Letter from the Editor
As you read this, it is about two months after the 20th anniversary of the attacks of 9/11. Around that time, we asked members of the Class of 2005, who started Furman on the very day of the attacks, what they remembered about it.
Joe Waters ’05 had just finished watching news coverage of the towers on TV before going to class.
“I’ll never forget that Dr. Chris Blackwell (classics) made some remarks about how important it was that we began our humanistic studies on what was clearly a very dark day for humanity. Despite the shock of what was happening, he encouraged us to not lose sight of the importance of what we were doing in college and, in particular, in closely reading ancient texts in Humanities 11. The study of these texts would nurture in us the type of humanity that would be the most effective in combating the cruel destruction that flickered across our TV screens that Tuesday morning.”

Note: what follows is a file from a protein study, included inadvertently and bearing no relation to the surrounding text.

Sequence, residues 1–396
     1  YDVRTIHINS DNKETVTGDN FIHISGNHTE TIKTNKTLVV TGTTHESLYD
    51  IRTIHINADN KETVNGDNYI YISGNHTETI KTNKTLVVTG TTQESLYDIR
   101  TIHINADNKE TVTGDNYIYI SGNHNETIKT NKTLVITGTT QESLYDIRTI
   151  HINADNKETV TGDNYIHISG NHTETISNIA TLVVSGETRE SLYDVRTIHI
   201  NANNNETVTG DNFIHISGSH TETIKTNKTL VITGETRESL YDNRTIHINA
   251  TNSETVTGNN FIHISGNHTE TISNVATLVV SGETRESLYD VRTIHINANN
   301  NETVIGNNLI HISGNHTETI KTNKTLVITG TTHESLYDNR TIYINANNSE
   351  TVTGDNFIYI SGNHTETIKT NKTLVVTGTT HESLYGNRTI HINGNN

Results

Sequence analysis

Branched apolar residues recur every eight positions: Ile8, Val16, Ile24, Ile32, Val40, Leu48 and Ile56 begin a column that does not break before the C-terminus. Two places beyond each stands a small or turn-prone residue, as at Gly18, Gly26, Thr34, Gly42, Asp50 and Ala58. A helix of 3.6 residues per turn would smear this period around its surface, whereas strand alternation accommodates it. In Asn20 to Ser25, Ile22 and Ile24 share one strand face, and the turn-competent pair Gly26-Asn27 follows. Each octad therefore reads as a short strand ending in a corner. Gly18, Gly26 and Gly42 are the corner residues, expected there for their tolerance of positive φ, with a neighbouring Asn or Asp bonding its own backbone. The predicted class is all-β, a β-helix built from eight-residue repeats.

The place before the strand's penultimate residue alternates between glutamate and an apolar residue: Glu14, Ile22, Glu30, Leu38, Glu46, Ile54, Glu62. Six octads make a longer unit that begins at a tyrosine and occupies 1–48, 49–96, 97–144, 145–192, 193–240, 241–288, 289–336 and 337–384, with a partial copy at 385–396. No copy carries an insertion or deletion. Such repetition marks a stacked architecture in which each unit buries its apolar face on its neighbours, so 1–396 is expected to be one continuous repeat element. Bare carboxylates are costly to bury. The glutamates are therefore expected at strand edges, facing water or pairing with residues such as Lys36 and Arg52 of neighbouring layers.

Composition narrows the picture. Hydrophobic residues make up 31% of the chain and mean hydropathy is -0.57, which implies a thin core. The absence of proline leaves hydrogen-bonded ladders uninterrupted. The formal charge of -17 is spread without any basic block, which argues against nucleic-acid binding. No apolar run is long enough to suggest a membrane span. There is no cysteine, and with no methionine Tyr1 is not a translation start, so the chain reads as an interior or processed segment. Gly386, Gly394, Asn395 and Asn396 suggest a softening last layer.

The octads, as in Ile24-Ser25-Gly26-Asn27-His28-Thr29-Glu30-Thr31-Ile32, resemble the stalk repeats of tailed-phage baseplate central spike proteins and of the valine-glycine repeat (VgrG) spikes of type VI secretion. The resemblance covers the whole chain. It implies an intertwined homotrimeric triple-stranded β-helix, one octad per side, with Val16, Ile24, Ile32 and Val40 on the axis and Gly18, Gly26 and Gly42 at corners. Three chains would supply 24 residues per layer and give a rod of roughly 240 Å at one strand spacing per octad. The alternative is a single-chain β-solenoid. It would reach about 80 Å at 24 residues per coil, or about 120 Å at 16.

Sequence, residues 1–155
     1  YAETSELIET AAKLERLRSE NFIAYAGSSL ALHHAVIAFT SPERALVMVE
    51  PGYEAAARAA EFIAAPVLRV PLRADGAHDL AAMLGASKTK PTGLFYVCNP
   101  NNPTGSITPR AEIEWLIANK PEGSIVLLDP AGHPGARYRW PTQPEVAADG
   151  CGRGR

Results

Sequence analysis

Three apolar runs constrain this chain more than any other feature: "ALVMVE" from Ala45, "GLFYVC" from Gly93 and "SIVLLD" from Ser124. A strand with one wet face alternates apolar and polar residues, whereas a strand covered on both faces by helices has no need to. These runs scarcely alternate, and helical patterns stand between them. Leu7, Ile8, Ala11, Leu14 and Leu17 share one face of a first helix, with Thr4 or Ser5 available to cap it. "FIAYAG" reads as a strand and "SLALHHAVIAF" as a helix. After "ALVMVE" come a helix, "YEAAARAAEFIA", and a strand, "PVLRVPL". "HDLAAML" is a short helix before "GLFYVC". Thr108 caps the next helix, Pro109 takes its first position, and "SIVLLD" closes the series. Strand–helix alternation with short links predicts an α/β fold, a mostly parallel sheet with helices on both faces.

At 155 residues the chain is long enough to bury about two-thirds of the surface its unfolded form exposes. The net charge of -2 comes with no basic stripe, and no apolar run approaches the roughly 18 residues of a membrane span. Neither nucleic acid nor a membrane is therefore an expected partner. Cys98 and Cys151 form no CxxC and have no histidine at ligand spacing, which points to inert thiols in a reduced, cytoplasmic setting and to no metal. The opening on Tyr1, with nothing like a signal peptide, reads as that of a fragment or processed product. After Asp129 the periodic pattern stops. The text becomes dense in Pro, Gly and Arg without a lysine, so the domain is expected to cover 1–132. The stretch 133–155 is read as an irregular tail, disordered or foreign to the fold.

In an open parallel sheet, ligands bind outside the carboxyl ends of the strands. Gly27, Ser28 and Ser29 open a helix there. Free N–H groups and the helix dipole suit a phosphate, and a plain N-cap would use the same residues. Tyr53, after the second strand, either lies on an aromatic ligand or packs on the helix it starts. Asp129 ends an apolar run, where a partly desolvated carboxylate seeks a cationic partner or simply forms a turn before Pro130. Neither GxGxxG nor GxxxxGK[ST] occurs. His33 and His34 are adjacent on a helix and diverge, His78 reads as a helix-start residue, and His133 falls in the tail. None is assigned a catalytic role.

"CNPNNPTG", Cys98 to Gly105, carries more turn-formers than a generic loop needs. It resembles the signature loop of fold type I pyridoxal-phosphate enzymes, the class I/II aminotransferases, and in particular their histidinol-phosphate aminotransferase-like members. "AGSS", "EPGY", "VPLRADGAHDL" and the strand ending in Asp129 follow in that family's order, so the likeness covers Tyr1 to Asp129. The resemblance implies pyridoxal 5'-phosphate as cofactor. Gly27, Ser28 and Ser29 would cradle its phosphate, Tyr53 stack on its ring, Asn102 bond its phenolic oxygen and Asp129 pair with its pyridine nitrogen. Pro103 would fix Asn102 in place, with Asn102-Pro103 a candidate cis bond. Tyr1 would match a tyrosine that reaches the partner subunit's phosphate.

In this issue of Furman magazine, you will encounter other ways a liberal arts and sciences environment embraces us and prepares us to make sense of the questions and crises of the day.
-The double flames of both conservatory – style music instruction and demanding academics at Furman helped to forge the incomparable Sarah Reese ’71 H’14. She would prevail at Furman in the face of racial hostility and then rise to become one of the greatest operatic talents in the world – a sphere that had been largely closed to Black artists.
–Three professors – representing history, communication studies and philosophy – offer insights into how education may help to prevent future Jan. 6-style attacks on American democracy.
-And Trude Heller, who died in May, had fled the Nazis in her native Austria, landing in Greenville into the protective, welcoming embrace of a university community that valued the free exchange of ideas and our shared humanity above all else.
So as we approach the end of our second full year of the pandemic and wonder what’s next, draw on the gifts of your Furman liberal arts and sciences education, pick up an old text from Humanities 11, and know that you are uniquely prepared.